First DNA study from the Indus Valley Civilization

I don’t think this article has been posted before.

The original paper:

Some of the key findings mentionned in the Smithsonian summary article:

“This finding ties people in South Asia today directly to the Indus Valley Civilization”

“But Steppe pastoralist DNA is absent in the ancient Indus Valley individual, suggesting similarities between these nomadic herders and modern populations arose from migrations after the IVC’s decline

“suggesting that farming spread through an exchange of ideas rather than a mass migration, or perhaps even arose independently in South Asia”.

The new finding contardicts previous findings such as the ones mentionned in this tread:

The Smithsonian article comments on this contradiction:

The first evidence of agriculture comes from the Fertile Crescent, dating to as early as 9,500 B.C., and many archaeologists have long believed that the practice of growing crops was brought to South Asia from the Middle East by migrants. Earlier DNA studies seemed to bear out this idea, since South Asians today have significant Iranian ancestry.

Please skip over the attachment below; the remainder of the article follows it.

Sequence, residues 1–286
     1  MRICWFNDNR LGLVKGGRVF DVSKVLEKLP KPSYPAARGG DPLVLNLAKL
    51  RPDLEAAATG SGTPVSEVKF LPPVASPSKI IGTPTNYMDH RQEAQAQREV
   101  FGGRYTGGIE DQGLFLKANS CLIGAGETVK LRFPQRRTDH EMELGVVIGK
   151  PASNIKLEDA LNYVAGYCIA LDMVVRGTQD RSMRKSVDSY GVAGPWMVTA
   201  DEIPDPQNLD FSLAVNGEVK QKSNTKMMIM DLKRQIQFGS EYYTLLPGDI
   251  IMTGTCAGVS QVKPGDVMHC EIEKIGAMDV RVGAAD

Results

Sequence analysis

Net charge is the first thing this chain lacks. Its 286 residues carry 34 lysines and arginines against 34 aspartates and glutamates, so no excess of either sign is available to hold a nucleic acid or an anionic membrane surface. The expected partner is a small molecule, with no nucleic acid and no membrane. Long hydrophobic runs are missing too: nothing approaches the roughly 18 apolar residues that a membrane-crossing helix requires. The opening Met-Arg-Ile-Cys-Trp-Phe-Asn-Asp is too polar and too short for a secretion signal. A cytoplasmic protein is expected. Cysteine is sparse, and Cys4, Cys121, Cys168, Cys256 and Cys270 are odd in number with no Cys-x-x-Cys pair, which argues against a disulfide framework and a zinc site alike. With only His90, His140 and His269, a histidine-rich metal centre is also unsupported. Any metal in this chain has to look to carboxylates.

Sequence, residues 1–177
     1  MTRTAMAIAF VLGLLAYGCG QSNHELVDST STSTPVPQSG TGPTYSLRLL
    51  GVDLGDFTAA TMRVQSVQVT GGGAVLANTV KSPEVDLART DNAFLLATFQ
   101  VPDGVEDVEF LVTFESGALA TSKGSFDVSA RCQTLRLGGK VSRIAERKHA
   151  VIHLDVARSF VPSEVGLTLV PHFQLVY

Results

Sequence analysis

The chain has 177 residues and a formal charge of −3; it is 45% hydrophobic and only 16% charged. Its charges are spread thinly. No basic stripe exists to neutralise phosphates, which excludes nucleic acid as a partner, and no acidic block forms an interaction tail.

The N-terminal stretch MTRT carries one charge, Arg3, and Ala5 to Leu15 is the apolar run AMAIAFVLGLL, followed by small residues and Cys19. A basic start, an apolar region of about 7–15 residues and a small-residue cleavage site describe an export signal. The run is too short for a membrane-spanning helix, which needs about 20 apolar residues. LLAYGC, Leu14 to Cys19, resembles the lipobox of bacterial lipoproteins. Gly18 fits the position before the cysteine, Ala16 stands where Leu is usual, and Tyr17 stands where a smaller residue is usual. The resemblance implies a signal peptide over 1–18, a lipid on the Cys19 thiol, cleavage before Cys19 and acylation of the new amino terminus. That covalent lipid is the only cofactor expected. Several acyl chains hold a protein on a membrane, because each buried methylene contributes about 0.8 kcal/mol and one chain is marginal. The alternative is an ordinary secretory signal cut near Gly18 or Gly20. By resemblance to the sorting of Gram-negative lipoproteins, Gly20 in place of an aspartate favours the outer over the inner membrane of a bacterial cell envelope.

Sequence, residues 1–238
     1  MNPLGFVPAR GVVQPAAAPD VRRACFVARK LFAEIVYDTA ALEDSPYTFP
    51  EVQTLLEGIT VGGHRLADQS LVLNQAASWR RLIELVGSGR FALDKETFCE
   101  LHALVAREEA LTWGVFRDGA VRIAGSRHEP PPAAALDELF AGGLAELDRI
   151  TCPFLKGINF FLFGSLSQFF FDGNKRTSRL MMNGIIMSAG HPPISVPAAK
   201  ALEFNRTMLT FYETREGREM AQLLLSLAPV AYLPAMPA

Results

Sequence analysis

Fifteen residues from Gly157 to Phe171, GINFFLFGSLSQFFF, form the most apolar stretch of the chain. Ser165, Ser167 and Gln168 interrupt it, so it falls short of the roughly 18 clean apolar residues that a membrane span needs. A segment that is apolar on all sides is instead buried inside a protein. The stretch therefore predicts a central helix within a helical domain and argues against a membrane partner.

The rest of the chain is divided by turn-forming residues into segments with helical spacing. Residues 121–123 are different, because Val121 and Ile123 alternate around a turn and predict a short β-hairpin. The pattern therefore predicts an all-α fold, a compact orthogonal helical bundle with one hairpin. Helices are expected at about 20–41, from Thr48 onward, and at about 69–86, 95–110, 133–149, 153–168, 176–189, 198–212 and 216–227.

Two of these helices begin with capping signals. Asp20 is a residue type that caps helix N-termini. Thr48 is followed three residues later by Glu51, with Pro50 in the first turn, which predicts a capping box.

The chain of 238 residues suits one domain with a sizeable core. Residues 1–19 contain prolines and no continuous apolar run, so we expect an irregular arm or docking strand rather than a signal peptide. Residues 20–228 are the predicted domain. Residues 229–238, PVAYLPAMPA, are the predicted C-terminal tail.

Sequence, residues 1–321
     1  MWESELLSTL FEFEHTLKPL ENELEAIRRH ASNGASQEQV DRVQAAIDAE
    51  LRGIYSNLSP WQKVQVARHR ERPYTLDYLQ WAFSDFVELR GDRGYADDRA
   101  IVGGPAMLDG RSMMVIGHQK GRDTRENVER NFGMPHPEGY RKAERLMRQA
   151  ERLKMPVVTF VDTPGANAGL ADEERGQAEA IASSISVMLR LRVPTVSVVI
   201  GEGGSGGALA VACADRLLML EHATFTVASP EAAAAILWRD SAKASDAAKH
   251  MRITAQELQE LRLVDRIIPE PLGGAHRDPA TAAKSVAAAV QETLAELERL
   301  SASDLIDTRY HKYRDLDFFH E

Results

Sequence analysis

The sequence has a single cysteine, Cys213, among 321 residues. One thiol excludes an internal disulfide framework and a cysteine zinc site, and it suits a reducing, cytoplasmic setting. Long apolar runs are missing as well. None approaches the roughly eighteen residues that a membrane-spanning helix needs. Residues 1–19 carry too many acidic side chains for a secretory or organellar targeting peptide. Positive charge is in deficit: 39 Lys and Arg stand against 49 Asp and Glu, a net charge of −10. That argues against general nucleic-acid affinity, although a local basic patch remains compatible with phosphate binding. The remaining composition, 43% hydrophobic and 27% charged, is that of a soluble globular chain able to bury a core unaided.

If farming did spread from the Fertile Crescent to modern India, it likely spread via the exchange of ideas and knowledge—a cultural transfer rather than a significant migration of western Iranian farmers themselves. Alternatively, farming could have arisen independently in South Asia, as agricultural practices started to sprout up in many places across Eurasia during this time.


Perhaps an echo of the hunter - gatherer’s grief at the loss of freedom due to the ‘modern’ innovation of farming can be seen in DN27:thinking: